Africa News

At least 70 soldiers killed in attack on Niger military camp

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At least 70 soldiers were killed in an attack on a remote military camp in Niger near the border with Mali on Tuesday evening, the defence ministry confirmed, in the deadliest raid against the Nigerien military in living memory.


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It was not immediately clear who was responsible for the assault. But Islamist militants with links to the Islamic State group and al Qaeda have mounted increasingly lethal attacks across West Africas Sahel region this year despite the commitment of thousands of regional and foreign troops to counter them.

The violence has hit Mali and Burkina Faso the hardest, but has also spilled over into Niger, which shares long and porous borders with its two neighbours.

Tuesdays attack struck a base in the western Niger town of Inates, the sources said, in the same area where the Islamic State groups West African branch killed nearly 50 Nigerien soldiers in two attacks in May and July.

FRANCE 24s expert on terrorism, Wassim Nasr, said the attackers had used more or less the same strategy as in the July attack, in which at least 17 soldiers were killed.

“There were suicide attackers at first, then mortars and then attackers on bikes, attacking the base from different angles,” he said.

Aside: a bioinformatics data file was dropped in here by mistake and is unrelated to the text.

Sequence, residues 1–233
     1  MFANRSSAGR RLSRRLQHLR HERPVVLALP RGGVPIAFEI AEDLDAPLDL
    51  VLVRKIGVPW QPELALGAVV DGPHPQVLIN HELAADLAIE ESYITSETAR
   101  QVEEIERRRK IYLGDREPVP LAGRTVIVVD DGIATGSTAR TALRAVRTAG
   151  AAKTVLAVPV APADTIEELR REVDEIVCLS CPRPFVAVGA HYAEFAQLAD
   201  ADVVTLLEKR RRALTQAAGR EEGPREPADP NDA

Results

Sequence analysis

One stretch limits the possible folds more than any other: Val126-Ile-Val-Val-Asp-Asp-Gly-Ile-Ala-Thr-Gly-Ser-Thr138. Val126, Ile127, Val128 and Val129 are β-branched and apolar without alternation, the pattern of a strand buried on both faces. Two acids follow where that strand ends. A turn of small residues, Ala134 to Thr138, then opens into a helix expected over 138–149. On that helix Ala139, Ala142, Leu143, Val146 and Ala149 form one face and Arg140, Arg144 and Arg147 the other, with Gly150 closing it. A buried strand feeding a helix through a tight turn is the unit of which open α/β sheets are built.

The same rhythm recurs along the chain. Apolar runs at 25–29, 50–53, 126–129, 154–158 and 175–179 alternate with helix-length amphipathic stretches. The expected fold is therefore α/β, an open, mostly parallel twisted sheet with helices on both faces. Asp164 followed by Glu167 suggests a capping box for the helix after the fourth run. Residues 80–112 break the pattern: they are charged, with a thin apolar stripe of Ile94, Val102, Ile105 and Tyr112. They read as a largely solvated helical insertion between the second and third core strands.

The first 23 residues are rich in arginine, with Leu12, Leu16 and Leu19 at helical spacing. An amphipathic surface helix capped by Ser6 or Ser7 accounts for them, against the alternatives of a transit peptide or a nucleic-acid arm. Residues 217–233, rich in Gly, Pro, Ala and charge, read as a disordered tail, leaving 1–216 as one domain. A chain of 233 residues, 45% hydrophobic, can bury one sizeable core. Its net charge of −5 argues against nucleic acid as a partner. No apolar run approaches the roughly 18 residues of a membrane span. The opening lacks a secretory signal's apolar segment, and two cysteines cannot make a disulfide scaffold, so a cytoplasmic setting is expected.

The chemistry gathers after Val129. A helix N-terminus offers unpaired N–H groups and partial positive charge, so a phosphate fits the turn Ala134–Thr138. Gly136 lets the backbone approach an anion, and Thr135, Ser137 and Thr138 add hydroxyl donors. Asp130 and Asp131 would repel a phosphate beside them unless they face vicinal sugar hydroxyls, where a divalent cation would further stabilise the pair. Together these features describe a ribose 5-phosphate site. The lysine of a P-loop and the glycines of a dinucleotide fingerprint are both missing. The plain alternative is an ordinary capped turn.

“We know they hit the transmission facility first of all to cut the base from its environment, knowing that phone connections had been cut since the attack in July. So lessons werent learned.”

“The same base was attacked a second time, with the same technique and the same modus operandi,” he said.

The defence ministry said 12 soldiers had also been wounded in Tuesdays attack and that others remained missing.

Deteriorating security

President Mahamadou Issoufous office tweeted that Issoufou had cut short a visit to Egypt in order to return to Niger “following the tragedy that occurred in Inates”.

Security has deteriorated this year across the Sahel, a semi-arid strip of land beneath the Sahara, due to jihadist attacks and deadly ethnic reprisals between rival farming and herding communities.

The region has been in crisis since 2012, when ethnic Tuareg rebels and loosely aligned jihadists seized the northern two-thirds of Mali, forcing France to intervene the following year to beat them back. But the jihadists have since regrouped and expanded their range of influence.

The rising body count this year has inflamed popular anger against regional governments and former colonial master France, which has 4,500 troops deployRead More – Source